Wel-come to Indi-ana’s own “Cold War,” a tit-for-tat fight over education more akin to some-thing out of Dr. Seuss’ “The Butter Battle Book” than high-brow statesmanship.
Democratic Schools Superintendent Glenda Ritz surprised watchers last week when she released an internal memo, drafted by Republican Gov. Mike Pence’s education aides, that pondered ways to curb her control of the State Board of Education. Pence’s staff said he dismissed the idea in a private meeting with her last month, but Ritz’s staff said their concern is with Pence’s new education agency.
Anywhere else in state government, that conflict might be somewhat shocking. But it’s become the norm for education as Democrats control the Department of Education and Republicans control the governor’s office. And both sides of the fight have contributed to the continuing escalation.
Even before Ritz released the Pence team’s education memo last week, the education board held a terse meeting with a mediator called in from the National Association of State Boards of Education. And even before that meeting, both sides had escalated the fight: Board members accused Ritz of trying to hold a closed meeting, but Ritz said it was Pence’s idea. Before that, there was an agenda item that spurred Ritz’s walkout, and before that was Ritz’s lawsuit against the other members of the board.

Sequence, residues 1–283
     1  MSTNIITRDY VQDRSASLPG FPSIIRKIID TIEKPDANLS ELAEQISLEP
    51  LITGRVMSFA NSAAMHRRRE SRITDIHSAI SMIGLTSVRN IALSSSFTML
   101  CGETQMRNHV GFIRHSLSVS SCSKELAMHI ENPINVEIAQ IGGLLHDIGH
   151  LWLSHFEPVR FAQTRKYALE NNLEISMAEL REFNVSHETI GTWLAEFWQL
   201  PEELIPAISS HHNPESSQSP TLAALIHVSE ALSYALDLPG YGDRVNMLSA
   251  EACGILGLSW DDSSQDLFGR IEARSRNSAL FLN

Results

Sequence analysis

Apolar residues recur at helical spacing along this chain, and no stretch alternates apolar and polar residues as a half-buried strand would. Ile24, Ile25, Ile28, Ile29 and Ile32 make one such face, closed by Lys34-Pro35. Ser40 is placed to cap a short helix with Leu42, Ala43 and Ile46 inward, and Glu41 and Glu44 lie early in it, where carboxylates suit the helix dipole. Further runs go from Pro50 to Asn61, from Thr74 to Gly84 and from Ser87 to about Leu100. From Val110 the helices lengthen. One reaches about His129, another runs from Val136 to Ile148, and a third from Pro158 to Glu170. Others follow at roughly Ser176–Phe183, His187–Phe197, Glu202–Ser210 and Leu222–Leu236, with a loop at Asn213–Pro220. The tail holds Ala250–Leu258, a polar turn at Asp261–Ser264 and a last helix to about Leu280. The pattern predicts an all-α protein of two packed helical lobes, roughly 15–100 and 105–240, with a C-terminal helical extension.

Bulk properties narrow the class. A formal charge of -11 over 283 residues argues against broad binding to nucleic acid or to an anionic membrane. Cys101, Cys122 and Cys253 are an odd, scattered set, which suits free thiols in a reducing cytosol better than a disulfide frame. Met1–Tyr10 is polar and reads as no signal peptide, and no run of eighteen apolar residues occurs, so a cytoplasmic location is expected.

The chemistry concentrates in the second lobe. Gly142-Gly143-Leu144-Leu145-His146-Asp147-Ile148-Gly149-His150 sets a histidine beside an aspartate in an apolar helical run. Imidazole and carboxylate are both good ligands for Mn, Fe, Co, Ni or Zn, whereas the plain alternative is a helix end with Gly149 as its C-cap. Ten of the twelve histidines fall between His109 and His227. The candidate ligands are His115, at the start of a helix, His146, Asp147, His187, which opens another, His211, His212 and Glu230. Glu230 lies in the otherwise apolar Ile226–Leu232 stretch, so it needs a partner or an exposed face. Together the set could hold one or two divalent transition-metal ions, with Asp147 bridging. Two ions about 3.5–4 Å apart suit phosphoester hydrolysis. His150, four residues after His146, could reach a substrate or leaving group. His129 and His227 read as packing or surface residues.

And before that ... well, the list goes on.
Publicly, Pence seems to be oblivious his new Center for Education and Career Innovation remains at the core of Ritz’s problems.
“I was disappointed with the outcome of yesterday’s State Board of Education meeting. I continue to remain committed to working with all the members of the State Board of Education to resolve their differences,” Pence said Thursday when asked about the memo drafted by CECI staffers.